Nevada Child Support

The Nevada child support obligations are set out in Chapter 125B of the Nevada Revised Statutes. Those statutes, and the cases decided pursuant to them, govern who has an obligation, how long the obligation lasts, what the obligation is, when and how the obligation may be modified, and limited issues regarding collection of the obligation.

Basically, all parents have a duty to support their children, regardless of marital status. The duty of support continues until 18 (or 19, if the child is still in high school). It could extend indefinitely for a handicapped child.

Nevada Child Support Formula

The Nevada child support formula is set forth in NRS 125B.070. From 1987 to July, 2002, a parent’s child support obligation was the percent of his or her gross monthly income (18% for one child, 25% for two children, 29% for three children, 31% for four children, and 2% for each additional child above four children), but not more than $500.00 per month, per child.

In 2001, the Nevada Legislature altered these provisions to clarify that the support award must be stated as a sum certain dollar amount corresponding to the relevant percentage, and that, starting in July, 2002, the presumptive maximum amount of the award varied in accordance with the obligor’s gross monthly income. Since that time, the relevant child support “presumptive maximum” changes each year. Medical expenses, including the cost of insurance, is usually to be split between the parents in addition to any support that is paid.

The amount of child support set out in the basic statute, however, may be modified in accordance with a list of statutory factors governing deviation from the statutory percentages. The Nevada Supreme Court has issued a considerable number of opinions discussing when deviation is and is not appropriate.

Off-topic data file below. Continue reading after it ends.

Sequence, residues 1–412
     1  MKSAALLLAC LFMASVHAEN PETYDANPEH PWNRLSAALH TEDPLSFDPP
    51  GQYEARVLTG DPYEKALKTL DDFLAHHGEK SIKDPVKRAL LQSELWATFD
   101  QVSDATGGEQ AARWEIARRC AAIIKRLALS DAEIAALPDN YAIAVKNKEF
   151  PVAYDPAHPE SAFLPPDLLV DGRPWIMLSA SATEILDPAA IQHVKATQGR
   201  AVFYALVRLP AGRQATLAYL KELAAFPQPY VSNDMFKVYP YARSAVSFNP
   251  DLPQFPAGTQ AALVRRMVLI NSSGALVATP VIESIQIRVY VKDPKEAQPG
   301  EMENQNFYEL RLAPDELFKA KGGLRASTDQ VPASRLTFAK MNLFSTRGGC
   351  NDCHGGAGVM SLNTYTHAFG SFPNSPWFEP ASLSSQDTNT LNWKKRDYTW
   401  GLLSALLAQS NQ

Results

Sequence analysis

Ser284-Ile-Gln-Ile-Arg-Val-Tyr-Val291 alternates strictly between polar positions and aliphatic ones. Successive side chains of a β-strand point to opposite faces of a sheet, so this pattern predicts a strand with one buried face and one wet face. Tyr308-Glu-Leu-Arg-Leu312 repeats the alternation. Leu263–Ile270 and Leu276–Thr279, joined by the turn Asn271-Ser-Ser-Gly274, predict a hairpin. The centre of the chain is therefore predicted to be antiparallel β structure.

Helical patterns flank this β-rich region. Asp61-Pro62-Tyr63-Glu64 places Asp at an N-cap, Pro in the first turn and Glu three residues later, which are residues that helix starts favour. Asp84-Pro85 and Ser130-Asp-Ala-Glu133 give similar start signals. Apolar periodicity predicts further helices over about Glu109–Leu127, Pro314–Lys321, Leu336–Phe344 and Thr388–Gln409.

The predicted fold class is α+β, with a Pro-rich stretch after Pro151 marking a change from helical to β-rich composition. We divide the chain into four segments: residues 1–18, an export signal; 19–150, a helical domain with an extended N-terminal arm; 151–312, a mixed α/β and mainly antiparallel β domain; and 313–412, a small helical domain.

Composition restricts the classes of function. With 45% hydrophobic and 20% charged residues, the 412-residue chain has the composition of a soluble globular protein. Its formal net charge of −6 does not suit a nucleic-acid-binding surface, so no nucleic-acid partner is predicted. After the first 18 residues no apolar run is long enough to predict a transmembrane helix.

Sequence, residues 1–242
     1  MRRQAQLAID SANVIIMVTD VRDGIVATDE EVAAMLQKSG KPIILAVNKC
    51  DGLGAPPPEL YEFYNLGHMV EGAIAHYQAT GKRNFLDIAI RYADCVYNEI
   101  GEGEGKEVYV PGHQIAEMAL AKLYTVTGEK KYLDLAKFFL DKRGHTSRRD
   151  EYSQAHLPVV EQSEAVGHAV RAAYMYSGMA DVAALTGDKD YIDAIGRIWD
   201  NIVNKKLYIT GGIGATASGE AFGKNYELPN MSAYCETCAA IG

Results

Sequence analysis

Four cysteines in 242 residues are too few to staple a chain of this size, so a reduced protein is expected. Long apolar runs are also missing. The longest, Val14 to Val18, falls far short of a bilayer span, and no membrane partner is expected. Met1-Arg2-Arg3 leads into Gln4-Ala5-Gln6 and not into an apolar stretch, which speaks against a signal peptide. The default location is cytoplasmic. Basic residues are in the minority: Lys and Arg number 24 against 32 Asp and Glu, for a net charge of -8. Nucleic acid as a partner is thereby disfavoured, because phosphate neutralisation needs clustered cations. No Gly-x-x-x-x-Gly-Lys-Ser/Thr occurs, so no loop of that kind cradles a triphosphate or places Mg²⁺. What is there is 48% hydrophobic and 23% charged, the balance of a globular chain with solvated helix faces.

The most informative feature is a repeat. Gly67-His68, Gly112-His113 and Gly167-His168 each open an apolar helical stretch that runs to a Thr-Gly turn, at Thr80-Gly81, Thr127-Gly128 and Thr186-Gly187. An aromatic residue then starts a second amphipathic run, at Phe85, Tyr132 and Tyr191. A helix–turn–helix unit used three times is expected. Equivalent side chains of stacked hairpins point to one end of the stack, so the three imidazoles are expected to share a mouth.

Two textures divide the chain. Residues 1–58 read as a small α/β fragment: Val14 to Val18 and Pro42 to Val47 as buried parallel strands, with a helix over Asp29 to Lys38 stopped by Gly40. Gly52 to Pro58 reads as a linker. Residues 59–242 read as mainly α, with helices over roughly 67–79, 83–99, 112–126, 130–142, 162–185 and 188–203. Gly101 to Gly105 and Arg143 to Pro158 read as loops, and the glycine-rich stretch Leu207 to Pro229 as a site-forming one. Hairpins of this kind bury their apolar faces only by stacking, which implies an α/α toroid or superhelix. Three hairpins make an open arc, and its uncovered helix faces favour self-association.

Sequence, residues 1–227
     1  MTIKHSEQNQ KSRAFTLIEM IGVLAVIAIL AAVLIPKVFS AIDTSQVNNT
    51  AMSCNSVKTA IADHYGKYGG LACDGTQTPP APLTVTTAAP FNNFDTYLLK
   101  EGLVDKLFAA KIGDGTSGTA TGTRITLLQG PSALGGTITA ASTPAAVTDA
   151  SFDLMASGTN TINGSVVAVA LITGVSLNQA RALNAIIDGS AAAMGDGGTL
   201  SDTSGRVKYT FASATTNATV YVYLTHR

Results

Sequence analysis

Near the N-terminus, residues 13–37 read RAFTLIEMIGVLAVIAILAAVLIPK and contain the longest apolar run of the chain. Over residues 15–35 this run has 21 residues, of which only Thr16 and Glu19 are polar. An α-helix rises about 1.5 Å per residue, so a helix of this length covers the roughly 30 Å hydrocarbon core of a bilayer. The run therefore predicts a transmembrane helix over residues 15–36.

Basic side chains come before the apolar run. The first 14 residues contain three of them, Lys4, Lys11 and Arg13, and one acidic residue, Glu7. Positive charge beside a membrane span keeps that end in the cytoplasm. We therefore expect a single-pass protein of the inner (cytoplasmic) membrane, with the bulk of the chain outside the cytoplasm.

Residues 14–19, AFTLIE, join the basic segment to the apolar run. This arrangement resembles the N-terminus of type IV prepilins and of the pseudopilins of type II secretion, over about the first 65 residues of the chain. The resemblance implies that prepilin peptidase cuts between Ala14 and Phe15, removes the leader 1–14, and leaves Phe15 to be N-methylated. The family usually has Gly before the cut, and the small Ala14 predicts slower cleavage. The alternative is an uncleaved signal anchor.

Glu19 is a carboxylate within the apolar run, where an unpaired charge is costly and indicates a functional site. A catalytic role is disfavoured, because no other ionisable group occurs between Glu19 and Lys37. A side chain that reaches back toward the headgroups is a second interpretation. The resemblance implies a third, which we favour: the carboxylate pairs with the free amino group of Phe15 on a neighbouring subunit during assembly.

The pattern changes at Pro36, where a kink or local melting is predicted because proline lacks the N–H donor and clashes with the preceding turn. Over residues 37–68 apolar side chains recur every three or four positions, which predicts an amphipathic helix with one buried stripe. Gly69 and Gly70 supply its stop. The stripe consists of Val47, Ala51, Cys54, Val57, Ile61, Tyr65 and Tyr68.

In the 1998 Wright v. Osburn case, the Nevada Supreme Court held that in 50/50 joint custody cases, child support would offset, so that the parent with the higher income would pay support to the parent with the lower income. In 2003, in Wesley v. Foster, the Court clarified that the offset should take place before, not after, application of the statutory presumptive maximums. And in the 2009 Rivero v. Rivero case, the Court extended that offset calculation to all “joint custody” cases, which it defined as all cases in which the parents share custody 60/40 or closer.

Apparently, as a matter of public policy, child support may not be made non-modifiable, regardless of the agreement of the parties to make it so, as the Nevada Supreme Court held in Ferandez v. Fernandez.

Where the parents are separated, and only one of them has been providing for the child, it is possible to obtain an order for up to four years’ back support. Once a support award has been established, however, amounts that have accrued are generally not retroactively modifiable.

Statutory interest, and certain penalties, accrue on child support that is due but unpaid. Mr. Willick developed the software (known as the “Marshal Law Judgment and Interest Calculator,” or “MLaw”) that is in use throughout this state that calculates the amount of interest and penalties due on unpaid child support. That software is (of course) used in all child support arrearage cases handled by this office, and is available for use at the Clark County self-help center as well. More detail can be found on our Interest & Penalties page.

A special statute called the “Uniform Interstate Family Support Act,” or “UIFSA,” governs the establishment and enforcement of child support orders when the parents live in different States.

WILLICK LAW GROUP has extensive experience in child support cases. Mr. Willick chaired the State Bar of Nevada Committee that reviewed Nevada’s child support laws in 1992 and 1996, and several attorneys of the firm have written and lectured on the subject.

From a CLE in Nevada on Family Law Jurisdiction (Nov. 1, 2012)

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